Create opportunities for your teen to forge bonds with coaches, teachers and clergy. Interactions with other adults can help your teen feel valuable and appreciated.
You may consider encouraging a relationship with a teen therapist. Teen therapy can help your teen focus on character and value based self assessment that can help them with anxiety, social anxiety, panic attacks, depression, trauma, ADHD and other struggles.
As a teen and family therapist, family therapy can also play a role in helping your teen learn to love themselves for who they are, not what they do or what they own. Teens often compare themselves to their peers performance and possessions. Parents in family therapy have a way of helping them see their own innate strengths, gifts, and talents.
Katy Teen & Family Counseling: Specializing in Teen Therapy in Katy, Texas & Houston
At the Katy, Tx location of Katy Teen & Family Counseling, we specialize in providing teen counseling. Teens encounter a flood of stressors that many of us adults did not experience growing up. Our teen therapists can help your teen and family restore hope, happiness, & connected family relationships.
If you are ready to start your healing journey with one of our teen therapists, you can follow these three simple steps:
Contact Katy Teen & Family Counseling, PLLC.
Take that first step in restoring hope, happiness, and connected family relationships.
Other Teen Therapy, Family Counseling, & Young Adult Therapy Services Offered at Katy Teen & Family Counseling
At our Katy, Tx location of Katy Teen & Family Counseling, we provide other counseling and therapeutic services. Marriage counseling and couples therapy are one of those services. Often, when parenting a struggling teen, this can have a direct impact on the parents relationship. Our marriage counselors and couples therapists can help.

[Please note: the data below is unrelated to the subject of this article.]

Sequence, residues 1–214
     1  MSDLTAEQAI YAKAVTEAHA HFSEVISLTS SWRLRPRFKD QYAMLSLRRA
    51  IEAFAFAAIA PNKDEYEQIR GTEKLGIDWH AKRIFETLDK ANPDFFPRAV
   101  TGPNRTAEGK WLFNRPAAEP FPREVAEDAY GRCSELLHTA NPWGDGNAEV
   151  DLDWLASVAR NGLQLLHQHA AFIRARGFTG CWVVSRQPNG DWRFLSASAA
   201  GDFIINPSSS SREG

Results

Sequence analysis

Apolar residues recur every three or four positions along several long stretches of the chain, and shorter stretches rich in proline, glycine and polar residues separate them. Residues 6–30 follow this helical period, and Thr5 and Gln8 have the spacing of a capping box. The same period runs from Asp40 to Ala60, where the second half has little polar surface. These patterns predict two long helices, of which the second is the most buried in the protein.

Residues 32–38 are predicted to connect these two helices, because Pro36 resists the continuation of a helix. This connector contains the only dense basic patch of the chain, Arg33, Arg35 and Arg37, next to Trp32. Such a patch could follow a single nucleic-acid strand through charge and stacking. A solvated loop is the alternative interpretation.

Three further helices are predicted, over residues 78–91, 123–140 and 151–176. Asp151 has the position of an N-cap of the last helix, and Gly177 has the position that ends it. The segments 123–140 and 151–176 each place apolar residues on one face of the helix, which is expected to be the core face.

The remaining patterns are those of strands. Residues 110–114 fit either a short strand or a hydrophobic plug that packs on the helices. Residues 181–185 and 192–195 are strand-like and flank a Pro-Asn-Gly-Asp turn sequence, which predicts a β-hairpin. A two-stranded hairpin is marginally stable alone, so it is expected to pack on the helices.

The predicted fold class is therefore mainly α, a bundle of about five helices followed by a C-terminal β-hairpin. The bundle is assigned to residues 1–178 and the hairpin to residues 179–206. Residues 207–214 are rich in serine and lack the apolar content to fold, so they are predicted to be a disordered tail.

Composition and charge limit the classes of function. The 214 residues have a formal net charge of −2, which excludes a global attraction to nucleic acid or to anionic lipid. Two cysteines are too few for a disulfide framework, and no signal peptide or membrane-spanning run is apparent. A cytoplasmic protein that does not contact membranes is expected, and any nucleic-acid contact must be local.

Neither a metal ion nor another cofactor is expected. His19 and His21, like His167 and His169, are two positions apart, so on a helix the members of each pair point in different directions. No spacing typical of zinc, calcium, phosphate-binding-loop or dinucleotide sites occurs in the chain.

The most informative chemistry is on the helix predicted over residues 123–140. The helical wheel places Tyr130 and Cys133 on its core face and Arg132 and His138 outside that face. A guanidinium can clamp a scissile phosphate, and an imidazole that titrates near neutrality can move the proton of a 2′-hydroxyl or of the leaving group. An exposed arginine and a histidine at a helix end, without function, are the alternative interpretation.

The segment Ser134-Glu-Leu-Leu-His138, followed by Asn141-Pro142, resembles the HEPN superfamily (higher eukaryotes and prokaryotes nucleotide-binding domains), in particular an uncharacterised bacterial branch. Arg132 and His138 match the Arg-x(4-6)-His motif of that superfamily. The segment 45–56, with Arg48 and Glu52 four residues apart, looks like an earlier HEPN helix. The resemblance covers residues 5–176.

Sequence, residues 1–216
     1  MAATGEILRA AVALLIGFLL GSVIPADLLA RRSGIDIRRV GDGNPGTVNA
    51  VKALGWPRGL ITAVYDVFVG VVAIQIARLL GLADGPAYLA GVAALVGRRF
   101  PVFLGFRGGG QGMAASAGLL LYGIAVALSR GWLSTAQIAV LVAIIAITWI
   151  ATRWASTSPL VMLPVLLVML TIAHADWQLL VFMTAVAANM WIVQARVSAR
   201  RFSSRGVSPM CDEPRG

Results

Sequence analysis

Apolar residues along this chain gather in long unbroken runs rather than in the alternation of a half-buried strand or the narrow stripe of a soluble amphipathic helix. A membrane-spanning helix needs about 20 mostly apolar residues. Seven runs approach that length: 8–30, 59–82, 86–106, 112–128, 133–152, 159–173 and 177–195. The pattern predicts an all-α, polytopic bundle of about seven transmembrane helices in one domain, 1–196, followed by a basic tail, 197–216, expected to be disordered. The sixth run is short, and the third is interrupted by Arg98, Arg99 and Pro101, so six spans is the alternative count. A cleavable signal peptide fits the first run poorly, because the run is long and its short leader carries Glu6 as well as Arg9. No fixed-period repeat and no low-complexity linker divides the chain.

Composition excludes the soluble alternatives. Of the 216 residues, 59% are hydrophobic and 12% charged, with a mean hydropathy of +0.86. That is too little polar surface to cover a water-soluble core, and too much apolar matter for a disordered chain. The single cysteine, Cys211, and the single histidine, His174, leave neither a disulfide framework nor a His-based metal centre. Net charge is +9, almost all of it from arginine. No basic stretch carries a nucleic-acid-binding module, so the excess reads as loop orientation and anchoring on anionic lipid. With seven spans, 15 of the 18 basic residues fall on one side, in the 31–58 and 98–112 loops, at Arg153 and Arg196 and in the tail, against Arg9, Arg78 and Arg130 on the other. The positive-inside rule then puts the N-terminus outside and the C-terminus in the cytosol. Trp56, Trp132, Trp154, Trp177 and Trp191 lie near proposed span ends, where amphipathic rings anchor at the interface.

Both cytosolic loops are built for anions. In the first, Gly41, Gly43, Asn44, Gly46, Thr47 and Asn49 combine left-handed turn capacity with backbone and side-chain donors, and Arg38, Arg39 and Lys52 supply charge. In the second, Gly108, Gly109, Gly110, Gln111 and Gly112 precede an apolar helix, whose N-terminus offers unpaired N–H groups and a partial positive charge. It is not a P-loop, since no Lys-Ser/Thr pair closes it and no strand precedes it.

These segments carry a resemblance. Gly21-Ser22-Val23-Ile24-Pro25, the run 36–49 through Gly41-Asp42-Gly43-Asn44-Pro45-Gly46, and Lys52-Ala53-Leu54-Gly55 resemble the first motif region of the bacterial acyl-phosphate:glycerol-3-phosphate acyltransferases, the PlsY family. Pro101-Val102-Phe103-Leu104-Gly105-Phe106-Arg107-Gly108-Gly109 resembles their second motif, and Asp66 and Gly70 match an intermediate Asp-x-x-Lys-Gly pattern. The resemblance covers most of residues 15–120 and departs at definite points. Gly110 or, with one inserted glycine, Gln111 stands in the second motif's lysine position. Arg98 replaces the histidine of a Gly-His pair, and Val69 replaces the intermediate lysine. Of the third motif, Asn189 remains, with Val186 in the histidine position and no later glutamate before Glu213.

We also provide other counseling and therapeutic services for teens, young adults, & families at our Katy, Tx location:
Peak performance (optimal academic brain performance)
Peak performance (optimal athletic brain performance)
Eye Movement Desensitization and Reprocessing (EMDR Therapy)
Cognitive Behavioral Therapy (CBT)
About the Author
Quique Autrey is a Licensed Professional Counselor (LPC). Quique specializes in teen therapy and helping teens build upon their innate strengths while developing skills and tools to overcome depression, anxiety, social anxiety, panic attacks, ADHD, and more.
Quique views each individual through that lens and provides therapy for the family system which includes: teen therapy, young adult counseling, family counseling, marriage counseling & couples therapy.
Quique also has a passion for helping teens, young adults, and adults who may be on the Autism Spectrum. He has a talent for connecting with and helping people with Autism Spectrum Disorder.
If you're ready to start your healing journey in teen therapy, you can call us at 346-202-4662 or email us at firstname.lastname@example.org.